Changing habits is hard. Damn hard. Most people attempt to change habits at the beginning of each year. Most fail. Perhaps because we all attempt grand, sweeping changes in every area of our lives. Does that ever work? I doubt it. If you're like me, you've read enough self-help books that you could regurgitate the information as easily as your stomach rejects a spoiled hot dog.
Throes Of Self-improvement
Yes, you probably guessed I'm tussling with a habit and trying to change it. I won't bore you with my long list of bad habits. I'll just admit to the one I'm trying to change: daily exercise, or, rather, the lack of daily exercise.
Since I began my personal ebook revolution, I find myself chained to the computer. At the beginning of this year, with my daughter on her way to recovery, I vowed to lose the extra pounds I'd gained by stuffing down my anxiety, fear, and grief with comfort food.
Sitting all day is horrible for the body. I know this so I know that I need to tear myself away from the excitement of writing and publishing ebooks and move my body. Not to mention, I don't wish to buy an entire wardrobe because my current one is a bit tight.
So let's talk about self-improvement and exchanging bad habits for good ones. I'll offer up what I've learned from experience, read in books, and just figured out on my own.
What You Say To Yourself
The dialogue you carry on with yourself is of paramount importance. If the little voice inside your head is constantly bombarding you with thoughts like: I’ll never (just fill in the blank with your own personal limiting thought), then you’ll never achieve that, get that, make that happen, or be that.
Common examples: I’ll never lose this weight. I’ll never finish writing this manuscript. I’ll never get an agent. I’ll never publish a book. I'll never get anyone to buy my ebook. I’ll never find true love. Even when you act to the contrary of the limiting thought, you never really believe you can make it happen.
What To Do About Your Dialogue
Identify what your little voice is saying to you. You must know what your dialogue is if you are to tell that voice to shut up. Pay attention to your thoughts.
When someone asks, “Are you still writing?” (A common question from the general population to writers, and the word still always precedes the word writing.) Do you say out loud, “Yes,” while the little voice says, “You know it's no use. You'll never make it. Why don't you just give up?”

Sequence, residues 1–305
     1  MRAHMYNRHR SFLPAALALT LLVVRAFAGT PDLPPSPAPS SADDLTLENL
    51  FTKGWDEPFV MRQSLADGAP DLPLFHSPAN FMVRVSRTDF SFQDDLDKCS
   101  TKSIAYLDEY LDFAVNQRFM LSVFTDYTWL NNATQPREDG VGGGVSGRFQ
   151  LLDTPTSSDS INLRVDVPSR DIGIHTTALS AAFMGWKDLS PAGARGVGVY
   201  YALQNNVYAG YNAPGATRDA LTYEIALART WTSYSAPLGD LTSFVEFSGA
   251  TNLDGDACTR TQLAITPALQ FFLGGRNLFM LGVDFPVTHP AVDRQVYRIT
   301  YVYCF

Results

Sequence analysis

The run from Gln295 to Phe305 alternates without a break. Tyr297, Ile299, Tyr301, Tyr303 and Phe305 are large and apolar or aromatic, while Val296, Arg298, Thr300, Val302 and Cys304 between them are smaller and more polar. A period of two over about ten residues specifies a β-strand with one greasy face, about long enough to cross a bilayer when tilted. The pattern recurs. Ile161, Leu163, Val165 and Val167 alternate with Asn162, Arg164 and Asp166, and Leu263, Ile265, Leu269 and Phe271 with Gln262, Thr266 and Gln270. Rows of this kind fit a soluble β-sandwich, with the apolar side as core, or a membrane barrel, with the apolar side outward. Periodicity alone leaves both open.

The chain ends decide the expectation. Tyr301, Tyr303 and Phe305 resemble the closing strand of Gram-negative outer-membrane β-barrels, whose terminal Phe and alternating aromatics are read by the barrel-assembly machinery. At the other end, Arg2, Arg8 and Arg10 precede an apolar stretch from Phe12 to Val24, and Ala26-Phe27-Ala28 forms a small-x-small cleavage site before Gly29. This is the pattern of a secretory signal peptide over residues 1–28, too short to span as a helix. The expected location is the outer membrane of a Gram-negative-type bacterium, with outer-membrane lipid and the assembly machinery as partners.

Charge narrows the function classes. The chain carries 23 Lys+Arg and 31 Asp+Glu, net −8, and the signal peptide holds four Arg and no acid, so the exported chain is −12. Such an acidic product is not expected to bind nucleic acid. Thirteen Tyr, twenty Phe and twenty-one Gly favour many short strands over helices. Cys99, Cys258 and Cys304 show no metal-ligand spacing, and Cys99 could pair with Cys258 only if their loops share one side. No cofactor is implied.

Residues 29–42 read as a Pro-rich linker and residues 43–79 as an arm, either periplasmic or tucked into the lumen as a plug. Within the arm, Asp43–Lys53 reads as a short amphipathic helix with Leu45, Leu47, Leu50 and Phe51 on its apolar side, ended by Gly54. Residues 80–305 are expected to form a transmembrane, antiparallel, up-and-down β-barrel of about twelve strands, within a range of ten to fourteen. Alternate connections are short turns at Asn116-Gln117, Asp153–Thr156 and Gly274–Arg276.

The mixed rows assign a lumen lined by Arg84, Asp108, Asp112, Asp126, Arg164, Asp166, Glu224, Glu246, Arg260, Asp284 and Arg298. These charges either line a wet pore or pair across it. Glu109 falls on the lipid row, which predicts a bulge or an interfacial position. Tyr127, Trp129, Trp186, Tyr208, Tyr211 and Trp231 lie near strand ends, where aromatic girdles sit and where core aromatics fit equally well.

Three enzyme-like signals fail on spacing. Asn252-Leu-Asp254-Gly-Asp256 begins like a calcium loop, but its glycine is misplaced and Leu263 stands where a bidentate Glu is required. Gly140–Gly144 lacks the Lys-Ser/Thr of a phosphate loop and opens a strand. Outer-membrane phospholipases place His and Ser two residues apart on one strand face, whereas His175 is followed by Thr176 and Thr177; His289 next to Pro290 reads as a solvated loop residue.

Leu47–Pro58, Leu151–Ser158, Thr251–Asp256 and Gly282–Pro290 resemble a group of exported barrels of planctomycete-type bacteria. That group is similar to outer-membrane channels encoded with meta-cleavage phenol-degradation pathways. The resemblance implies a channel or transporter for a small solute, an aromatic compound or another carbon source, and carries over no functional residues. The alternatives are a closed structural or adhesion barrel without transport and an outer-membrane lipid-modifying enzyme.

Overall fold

Or maybe someone asks, “Are you still working at that job you hate?” Out loud, you may reply, “Yes, I’m lucky to have a job in this economy.” While inside, the nasty voice says, “Yes, you're such a loser. You wouldn't be able to get a better job."
Use Your Brain
You've got a brain so use it. Currently, it's feeding you lies. Once you identify what the enemy inside your head is saying to keep you at status quo, then it’s time to change it. And you can change it by consciously creating new thoughts that counter the old ones.
You see, you can't erase old thoughts no more than you can change a habit. You can create new thoughts and program your brain to feed those back to you at opportune moments just as you can create a new method of behavior that you follow consciously until it has become a habit that takes precedence over the old one.
“I’ll never lose weight / get published / make it as an ebook author / find true love / whatever,” becomes “I work toward my goal of (fill in the blank) every day so every day I am succeeding until I achieve my reward.”
Create your own strong, positive thought that addresses what you want. Tackle one thing at a time. Consciously work with that thought and consciously modify your behavior in the way you wish to proceed. Keep it up consistently for 3 weeks. That's how long all the behavior experts say it takes to make a new habit.
At the end of that time period, it's easier to continue that behavior than to revert to the old one.
1. Listen to the voice that holds you back.
2. Identify what you most need to change.
3. Create new self-instruction addressing the change you wish to make.
4. Write your self-instruction on a 3×5 card and post it in several locations.
5. Review your new self-instruction several times a day and especially at bedtime.
Behavior, a system of habits, can be changed if: (1) you know what you’re trying to change, (2) why you want to change, (3) make a decision to change, and (4) take action.